While it may be important to challenge and influence those who hold power in the state, it is also important to recognise the limitations of the quick-fix, 11-day wonders of televised mobilisation. Because such advocacy campaigns can create the illusion of a sound democratic political process when actually these televised quick-fix mobilisations can undermine real political or democratic struggles on the ground. The campaign for the so-called ‘Jan’ Lokpal Bill was an example of a relatively successful advocacy campaign for a policy change, and not an example of a political struggle for freedom or against injustice.

However, the Anna Hazare spectacle has illustrated that politics in India in the next 10 years may be dramatically different in terms of modes of mobilisation, composition of leadership and the issues that would arise. The mode of mobilisation of those who are born in the 1980s has shifted. The anti-corruption campaign just happened to be a space to voice a discontent with the mainstream political party process in India where lineage matters more than real politics. If political parties do not change their hardware and present modes of operation, many of them will not be able to mobilise people in the years to come.

By - John Samuel. 

BANGLADESH: Vengeance In Victory

For nearly nine months Pakistani soldiers routinely raped Bengali women, razed houses and shot unarmed villagers in a campaign of terror designed to intimidate and pacify East Pakistan. That brutality became one of India's justifications for attacking in the East, and critics of U.S. policy pointed it out as a reason why the U.S. should not be associated with the military regime of Islamabad. Sadly, but perhaps inevitably, brutal acts of revenge by the other side are following India's military triumph and the establishment of what is now the People's Republic of Bangladesh.

In Dacca last week, a rally held to seek the release of the imprisoned Bangladesh leader Sheik Mujibur Rahman suddenly became a public execution. Four trussed-up men who had been accused of assaulting Bengali women were brought to a public park near the Dacca Race Course, where the rally was being held. As thousands of spectators cheered, the men were tortured for more than an hour and then bayoneted to death. Other prisoners, particularly razakars, or members of the army-backed East Pakistani militia, have been summarily executed since the war ended. What distinguished the Dacca incident was the fact that Western newsmen were on hand to record the scene and send out photographs despite the determined censorship efforts of Indian authorities.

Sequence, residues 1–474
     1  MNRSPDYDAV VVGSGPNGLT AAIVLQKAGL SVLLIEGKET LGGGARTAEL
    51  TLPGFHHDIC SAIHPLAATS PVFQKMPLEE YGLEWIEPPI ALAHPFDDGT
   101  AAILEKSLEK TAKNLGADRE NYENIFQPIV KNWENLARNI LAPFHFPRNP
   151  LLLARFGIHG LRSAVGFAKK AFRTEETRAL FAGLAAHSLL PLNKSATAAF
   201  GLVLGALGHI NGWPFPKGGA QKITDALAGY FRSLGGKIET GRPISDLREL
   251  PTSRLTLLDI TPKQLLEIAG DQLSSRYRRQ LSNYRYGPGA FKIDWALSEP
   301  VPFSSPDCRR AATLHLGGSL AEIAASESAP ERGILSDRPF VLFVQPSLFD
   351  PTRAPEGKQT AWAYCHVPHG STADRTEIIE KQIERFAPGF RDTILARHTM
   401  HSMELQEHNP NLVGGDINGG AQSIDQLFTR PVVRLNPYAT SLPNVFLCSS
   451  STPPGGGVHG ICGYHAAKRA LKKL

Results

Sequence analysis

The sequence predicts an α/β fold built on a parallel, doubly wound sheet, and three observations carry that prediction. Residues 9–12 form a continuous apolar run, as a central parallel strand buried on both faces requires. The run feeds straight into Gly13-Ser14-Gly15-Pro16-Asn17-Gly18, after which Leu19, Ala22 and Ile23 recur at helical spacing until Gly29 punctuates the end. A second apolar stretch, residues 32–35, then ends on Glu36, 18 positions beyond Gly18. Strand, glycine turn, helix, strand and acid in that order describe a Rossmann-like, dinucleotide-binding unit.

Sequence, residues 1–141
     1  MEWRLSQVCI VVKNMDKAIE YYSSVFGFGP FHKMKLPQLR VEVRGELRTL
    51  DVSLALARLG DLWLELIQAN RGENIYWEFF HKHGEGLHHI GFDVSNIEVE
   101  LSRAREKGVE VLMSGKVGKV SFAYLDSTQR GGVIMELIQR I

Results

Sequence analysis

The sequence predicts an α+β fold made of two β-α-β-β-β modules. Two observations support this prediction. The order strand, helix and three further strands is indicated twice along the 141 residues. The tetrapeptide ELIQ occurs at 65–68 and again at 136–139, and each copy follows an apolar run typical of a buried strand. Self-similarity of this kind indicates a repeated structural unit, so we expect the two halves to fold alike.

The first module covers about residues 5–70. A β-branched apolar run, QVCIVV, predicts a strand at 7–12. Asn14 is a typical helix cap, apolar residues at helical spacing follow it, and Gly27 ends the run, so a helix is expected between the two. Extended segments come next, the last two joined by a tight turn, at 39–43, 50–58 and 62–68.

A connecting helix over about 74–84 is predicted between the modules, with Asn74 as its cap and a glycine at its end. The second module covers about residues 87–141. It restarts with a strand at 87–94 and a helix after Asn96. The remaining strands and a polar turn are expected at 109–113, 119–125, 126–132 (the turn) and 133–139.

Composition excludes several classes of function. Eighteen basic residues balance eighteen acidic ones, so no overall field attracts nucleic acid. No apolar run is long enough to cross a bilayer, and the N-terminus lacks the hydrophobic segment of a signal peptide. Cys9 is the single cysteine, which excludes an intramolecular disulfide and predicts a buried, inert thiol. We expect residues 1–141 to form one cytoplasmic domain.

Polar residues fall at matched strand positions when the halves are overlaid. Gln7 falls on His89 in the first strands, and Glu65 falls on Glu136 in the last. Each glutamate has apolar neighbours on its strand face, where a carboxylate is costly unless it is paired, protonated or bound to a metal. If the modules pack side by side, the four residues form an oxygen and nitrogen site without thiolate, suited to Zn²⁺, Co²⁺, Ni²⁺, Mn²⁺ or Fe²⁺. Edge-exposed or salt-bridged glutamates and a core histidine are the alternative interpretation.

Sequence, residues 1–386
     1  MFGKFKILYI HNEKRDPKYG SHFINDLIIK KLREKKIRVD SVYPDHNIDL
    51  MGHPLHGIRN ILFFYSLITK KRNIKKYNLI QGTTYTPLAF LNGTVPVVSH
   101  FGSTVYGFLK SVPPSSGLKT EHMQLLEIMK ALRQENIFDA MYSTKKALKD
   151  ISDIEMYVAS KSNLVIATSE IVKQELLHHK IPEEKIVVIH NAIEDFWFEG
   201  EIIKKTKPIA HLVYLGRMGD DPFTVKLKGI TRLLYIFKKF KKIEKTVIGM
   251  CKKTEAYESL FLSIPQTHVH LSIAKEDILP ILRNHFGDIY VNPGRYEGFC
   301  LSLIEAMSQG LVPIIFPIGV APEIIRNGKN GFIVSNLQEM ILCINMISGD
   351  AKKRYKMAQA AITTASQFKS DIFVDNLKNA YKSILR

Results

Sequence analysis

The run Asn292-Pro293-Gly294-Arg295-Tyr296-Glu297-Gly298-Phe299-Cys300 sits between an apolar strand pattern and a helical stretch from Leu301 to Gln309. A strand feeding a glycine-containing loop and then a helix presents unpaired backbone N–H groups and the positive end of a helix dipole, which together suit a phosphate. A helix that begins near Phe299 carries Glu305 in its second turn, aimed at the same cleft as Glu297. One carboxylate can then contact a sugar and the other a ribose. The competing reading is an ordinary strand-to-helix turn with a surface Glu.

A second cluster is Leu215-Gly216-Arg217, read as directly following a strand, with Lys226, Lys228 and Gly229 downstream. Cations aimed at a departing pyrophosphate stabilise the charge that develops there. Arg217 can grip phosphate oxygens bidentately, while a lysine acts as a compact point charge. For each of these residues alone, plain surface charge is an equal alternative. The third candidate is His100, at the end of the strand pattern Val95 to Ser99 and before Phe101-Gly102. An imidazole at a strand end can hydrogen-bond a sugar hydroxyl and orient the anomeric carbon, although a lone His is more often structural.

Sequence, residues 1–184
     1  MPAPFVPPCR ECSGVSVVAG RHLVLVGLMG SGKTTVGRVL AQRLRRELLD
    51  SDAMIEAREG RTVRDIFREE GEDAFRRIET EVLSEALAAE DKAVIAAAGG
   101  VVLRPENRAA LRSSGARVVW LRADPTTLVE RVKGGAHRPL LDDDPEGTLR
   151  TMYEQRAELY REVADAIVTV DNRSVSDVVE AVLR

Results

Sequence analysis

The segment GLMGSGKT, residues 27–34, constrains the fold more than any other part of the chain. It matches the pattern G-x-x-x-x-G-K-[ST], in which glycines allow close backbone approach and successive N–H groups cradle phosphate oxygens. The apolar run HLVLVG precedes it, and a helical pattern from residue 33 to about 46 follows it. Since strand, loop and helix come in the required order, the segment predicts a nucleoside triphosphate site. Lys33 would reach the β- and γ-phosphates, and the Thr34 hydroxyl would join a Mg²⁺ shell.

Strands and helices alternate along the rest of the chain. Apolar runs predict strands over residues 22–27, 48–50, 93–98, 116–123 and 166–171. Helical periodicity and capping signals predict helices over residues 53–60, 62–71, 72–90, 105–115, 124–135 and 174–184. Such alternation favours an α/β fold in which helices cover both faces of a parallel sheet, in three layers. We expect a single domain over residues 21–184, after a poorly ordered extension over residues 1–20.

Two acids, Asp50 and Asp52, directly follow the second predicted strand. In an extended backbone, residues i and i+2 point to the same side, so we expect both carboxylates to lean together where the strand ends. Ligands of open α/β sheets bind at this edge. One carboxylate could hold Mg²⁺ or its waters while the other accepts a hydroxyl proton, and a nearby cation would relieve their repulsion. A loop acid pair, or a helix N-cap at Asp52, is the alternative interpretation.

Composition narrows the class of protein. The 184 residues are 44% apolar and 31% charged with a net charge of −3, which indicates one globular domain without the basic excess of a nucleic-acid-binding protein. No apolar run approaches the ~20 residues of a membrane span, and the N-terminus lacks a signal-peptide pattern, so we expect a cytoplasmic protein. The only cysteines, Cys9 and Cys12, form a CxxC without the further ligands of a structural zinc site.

To deter that kind of visceral revenge all across Bangladesh, Indian troops were doing their diplomatic best last week to disarm the guerrilla Mukti Bahini, who now number about 100,000. The Bengalis' desire for retaliation against their oppressors was intensified by evidence that Pakistani soldiers had committed atrocities even after it was apparent that the war had been lost. In Dacca, Indian troops discovered a mass grave containing the mutilated bodies of 125 of the 400 leading Bengali intellectuals who had been kidnaped in the last days of the war. They had apparently been killed a few hours before the Indians took control of the city. If Bengalis seek revenge for such murders, they may slaughter many of the estimated 1,500,000 Biharis—or non-Bengali Moslems—who now constitute an imperiled minority in the new state.

With considerable uncertainty, Bangladesh last week also took the first steps toward establishing an independent government. Since West Pakistan's suppression last March of the Awami League, which had pressed for autonomy in the East, a Bangladesh government in exile has been working from inside India. Last week its leaders flew home from Calcutta's Dum Dum Airport in an Indian air force Caribou, one of the few aircraft that could land on Dacca airport's bombed-out runway. Acting President Syed Nazrul Islam, Prime Minister Tajuddin Ahmed and Foreign Minister Khandikar Moshtaque were wildly welcomed by 100,000 Daccans who had flocked to the airport to meet them. One of the incoming government's first acts was to pay a call on the wife of Sheik Mujib, who is still a captive of West Pakistan.

Formidable Tasks. The tasks facing the new leaders of Bangladesh are formidable to say the least. So far, their government has been recognized only by the kingdom of Bhutan and by India. Soon relief supplies from the U.S. and other nations will arrive to begin the task of rebuilding the country and providing for the 10 million Bengali refugees who will be swarming back from West Bengal. Longer-term economic aid for Bangladesh development, however, will have to wait until the government proves its viability. Politically there is trouble ahead, too. Growing radical factions in the youthful Mukti Bahini clearly are not content with the prospect of being ruled by the middle-of-the-roaders of the Awami League. Independence, in short, appears to be just the beginning of trouble for Bangladesh.